rug’ged, full of rough places.
con cealed’, covered over; hidden.
ra vines’, deep and narrow hollow places.
prec’i pice, a very steep place.
dis’lo cate ed, thrown out of joint.
mis’er y, great unhappiness.
ev’i dence, signs; that which is shown.
de scent’, going down.
haz’ards, dangers; difficulties.
toil, hard work.
pro ject’ing, hanging over.
* * * * *
Far up in the Highlands of Scotland lived Malcolm, a shepherd, with his wife and his son Halbert.
Their little cottage was far from any village, and could only be reached by a rugged path through the mountains.
One evening Halbert’s mother was taken very ill, and Malcolm made preparations to go to the village to obtain some medicine for her.
“Father,” said Halbert, “I know the path through the dark glen better than you. Shag will walk before me, and I will be quite safe. Let me go for the doctor, and you stay at home and comfort mother.”
Old Shag, the dog, stood by, wagging his tail and looking up into Malcolm’s face as if to say, “Yes, master, I will take good care of Halbert. Let him go.”
Malcolm did not like to have his boy undertake a journey of so much peril, as the snow was falling in heavy flakes, and it was growing very dark. But the boy again repeated his request, and Malcolm gave his consent.
Halbert had been accustomed to the mountains from his earliest boyhood, and Shag set out with his young master, not seeming to care for wind, snow, or storm.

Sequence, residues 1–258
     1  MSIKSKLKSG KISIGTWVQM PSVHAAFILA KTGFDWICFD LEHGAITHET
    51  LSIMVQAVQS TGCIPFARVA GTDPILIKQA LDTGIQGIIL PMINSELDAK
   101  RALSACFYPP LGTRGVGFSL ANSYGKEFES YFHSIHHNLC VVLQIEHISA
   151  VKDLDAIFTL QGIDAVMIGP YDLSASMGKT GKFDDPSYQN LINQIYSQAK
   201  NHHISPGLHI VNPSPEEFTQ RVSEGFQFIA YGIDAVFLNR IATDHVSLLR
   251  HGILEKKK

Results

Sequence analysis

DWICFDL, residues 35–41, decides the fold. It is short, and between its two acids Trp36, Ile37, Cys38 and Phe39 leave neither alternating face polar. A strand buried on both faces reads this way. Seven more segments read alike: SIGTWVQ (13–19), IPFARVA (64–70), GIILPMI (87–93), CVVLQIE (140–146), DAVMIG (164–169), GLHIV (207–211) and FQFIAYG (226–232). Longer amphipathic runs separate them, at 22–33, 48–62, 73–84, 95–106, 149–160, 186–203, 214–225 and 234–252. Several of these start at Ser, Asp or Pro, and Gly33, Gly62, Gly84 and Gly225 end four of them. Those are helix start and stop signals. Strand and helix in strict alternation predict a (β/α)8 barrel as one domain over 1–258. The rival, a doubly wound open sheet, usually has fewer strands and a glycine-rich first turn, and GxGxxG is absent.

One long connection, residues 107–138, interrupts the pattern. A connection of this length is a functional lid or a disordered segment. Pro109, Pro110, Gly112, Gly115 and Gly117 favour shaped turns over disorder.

They reached the village safely. Halbert saw the doctor, received some medicine for his mother, and then started on his return home with a cheerful heart.
Shag trotted along before him to see that all was right. Suddenly, however, in one of the most dangerous parts of the rocky path, he stopped and began snuffing and smelling about.
“Go on, Shag,” said Halbert.
Shag would not stir.
“Shag, go on, sir,” repeated the boy. “We are nearly at the top of the glen. Look through the dark, and you can see the candle shining through our window.”
Shag disobeyed for the first time in his life, and Halbert advanced ahead of him, heedless of the warning growl of his companion.
He had proceeded but a few steps when he fell over a precipice, the approach to which had been concealed by the snow.
It was getting late in the night, and Malcolm began to be alarmed at the long absence of Halbert. He placed the candle so as to throw the light over his boy’s path, piled wood on the great hearth fire, and often went to the door.
But no footstep sounded on the crackling ice; no figure darkened the wide waste of snow.